F365’s early loser: Ed Woodward, witness to his own incompetence
If Ed Woodward was already ‘frustrated at the social media frenzy’ surrounding Manchester United’s transfer inactivity, then the vice-chairman might be best advised to swerve Twitter for a day or two.
Even if he should be used to it by now, Woodward has been getting pelters for much of the summer, long before the final whistle blew on United’s dismal defeat to Crystal Palace. But in the face of more accusations of sleeping on the job, like Ole Gunnar Solskjaer, the brains trust at Old Trafford has no reasonable defence.
That didn’t stop Woodward from trying to cover himself in his programme notes before Roy Hodgson brought his Eagles to Old Trafford.
“Disruption from the pandemic is continuing to create huge economic pressures from the top to the bottom of the football pyramid and, while we are fortunate to be in a more resilient position than most clubs, we are not immune from the impact.”
After revelling in new contracts for four academy graduates and the signing of a couple of teenagers from Barcelona and Real Madrid’s youth ranks, he continued…
“Together, these investments reinforce our optimism about the future, and we will continue to build on these strong foundations. However, we must also be responsible in our use of resources during the most extraordinarily challenging time for everyone in football.”
Amid the arse-covering is some fair comment but where United supporters and Woodward disagree is over what a ‘responsible use’ of the vast resources available to one of the world’s richest football clubs might be. The evidence suggests that Woodward and his cronies don’t deem ‘improving the football team’ as high on the list of the club’s priorities.
It seems United, at board level, do not recognise the need to improve. The opening theme of Woodward’s notes centred on the anticipation around seeing ‘our exciting young team build on the progress made’ last season.
Even during that climb to third place in the Premier League and three runs to cup semi-finals, United’s shortcomings were stark. But for Woodward and the board, Palace shone the brightest light on the Red Devils’ weaknesses and the reasons Solskjaer has not a hope of taking United any further without some significant reinforcements.
If @dave35678094 on Twitter can see that United woefully need a competent left-back, a mobile centre-back and a creative forward on the right flank, then Woodward could use the next programme to clarify why he disagrees.
Palace’s opener provided the most succinct evidence imaginable for why United need to revamp half of their defence. Both Victor Lindelof and Luke Shaw failed to demonstrate even the hint of a defensive instinct, with the centre-back almost clearing a path for Jeff Schlupp to tee-up Andros Townsend, whom Shaw deemed not enough of a threat to break out of a trot until it was too late. We are presuming Shaw is still capable of the necessary change of pace. The evidence there is sadly lacking.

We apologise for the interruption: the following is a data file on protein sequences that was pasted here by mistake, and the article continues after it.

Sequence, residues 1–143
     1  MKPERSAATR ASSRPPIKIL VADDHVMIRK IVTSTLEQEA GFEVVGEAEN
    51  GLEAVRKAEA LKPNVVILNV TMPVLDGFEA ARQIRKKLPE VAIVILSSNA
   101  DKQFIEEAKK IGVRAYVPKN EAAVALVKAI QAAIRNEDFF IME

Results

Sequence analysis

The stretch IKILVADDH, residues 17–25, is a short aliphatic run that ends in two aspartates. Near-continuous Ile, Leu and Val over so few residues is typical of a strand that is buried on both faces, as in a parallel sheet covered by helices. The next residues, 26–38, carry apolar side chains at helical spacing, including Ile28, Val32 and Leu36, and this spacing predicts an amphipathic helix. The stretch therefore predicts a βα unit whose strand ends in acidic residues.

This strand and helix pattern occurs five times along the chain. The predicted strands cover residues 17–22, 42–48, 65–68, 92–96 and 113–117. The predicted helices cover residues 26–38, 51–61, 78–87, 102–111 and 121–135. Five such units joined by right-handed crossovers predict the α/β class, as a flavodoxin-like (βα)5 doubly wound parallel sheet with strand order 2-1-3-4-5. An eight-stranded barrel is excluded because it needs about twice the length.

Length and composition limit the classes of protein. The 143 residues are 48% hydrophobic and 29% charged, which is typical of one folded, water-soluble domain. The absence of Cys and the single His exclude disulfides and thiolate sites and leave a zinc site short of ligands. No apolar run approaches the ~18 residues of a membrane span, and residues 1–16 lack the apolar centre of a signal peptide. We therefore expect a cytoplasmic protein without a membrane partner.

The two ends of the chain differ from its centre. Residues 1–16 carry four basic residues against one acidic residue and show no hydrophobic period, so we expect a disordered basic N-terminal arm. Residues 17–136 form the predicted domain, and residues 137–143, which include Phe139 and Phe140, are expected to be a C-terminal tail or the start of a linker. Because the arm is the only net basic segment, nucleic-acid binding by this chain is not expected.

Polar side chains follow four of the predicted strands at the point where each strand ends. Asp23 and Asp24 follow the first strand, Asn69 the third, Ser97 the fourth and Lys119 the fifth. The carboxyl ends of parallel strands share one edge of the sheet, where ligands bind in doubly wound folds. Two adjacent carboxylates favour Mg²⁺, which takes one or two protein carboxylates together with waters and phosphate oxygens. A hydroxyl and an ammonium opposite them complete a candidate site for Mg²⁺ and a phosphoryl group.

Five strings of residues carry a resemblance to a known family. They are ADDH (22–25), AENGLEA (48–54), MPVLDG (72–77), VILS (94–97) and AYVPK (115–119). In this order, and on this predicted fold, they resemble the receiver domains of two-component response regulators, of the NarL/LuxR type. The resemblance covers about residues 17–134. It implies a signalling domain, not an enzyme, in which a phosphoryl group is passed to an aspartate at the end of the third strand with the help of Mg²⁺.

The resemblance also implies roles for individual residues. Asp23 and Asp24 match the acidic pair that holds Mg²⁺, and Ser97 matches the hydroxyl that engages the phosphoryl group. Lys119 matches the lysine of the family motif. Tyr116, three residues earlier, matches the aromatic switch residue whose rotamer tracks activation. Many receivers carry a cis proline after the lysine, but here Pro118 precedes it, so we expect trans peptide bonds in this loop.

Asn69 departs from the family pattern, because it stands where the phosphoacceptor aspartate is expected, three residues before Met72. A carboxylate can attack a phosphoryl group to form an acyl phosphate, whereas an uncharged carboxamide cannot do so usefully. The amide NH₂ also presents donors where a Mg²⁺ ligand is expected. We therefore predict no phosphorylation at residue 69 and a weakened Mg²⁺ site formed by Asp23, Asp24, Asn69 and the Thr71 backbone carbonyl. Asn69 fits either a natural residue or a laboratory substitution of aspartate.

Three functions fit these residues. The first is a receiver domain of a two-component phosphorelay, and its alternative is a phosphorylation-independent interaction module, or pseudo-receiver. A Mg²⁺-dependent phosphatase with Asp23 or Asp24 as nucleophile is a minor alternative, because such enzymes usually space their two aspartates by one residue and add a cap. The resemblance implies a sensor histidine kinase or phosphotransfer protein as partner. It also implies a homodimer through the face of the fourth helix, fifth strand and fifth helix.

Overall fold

Lindelof’s misery continued. The Swede was harshly punished when Palace were awarded their second-half penalty but he then fluffed two tackles which led to Wilfried Zaha goals – one chalked off for offside; the other sealing a thoroughly-deserved win for a Palace side which has shaken off a disastrous ending to last season with two hugely impressive victories. Their speed, organisation and resilience should not be forgotten in the Old Trafford post-mortem.
But those Palace qualities certainly won’t be dwelled upon by United supporters demanding to know why the club are doing so little to keep pace with the strengthening of their competitors.
The right flank is said to be ‘a priority’ for United but their attempts to address that gaping hole on the wing are bordering on negligible. Jadon Sancho is the man they want – but Woodward’s greatest desire is for a bargain deal.
Borussia Dortmund are simply not going to cave when it comes to the England star, especially when they have had Woodward’s number for the last year. The Germans have a selling price and for as long as Sancho is under contract and content to stay in a place he is comfortable then why should they lower it? As the clock ticks down to October 5, time is most certainly on Dortmund’s side rather than United’s.
Woodward faffed in January too and it seems the noise after a 2-0 home defeat to Burnley lit a fire under his backside to agree to Sporting Lisbon’s deal for Bruno Fernandes, which was drifting in a similar manner to their pursuit of Sancho. Perhaps an even darker ‘cloud of negativity’ which is forecast to roll in over Old Trafford in the coming days will prompt some action from Woodward, Matt Judge (head of corporate development by day, transfer negotiator on the side) and the rest of a recruitment team seemingly incapable of doing more than one thing at a time.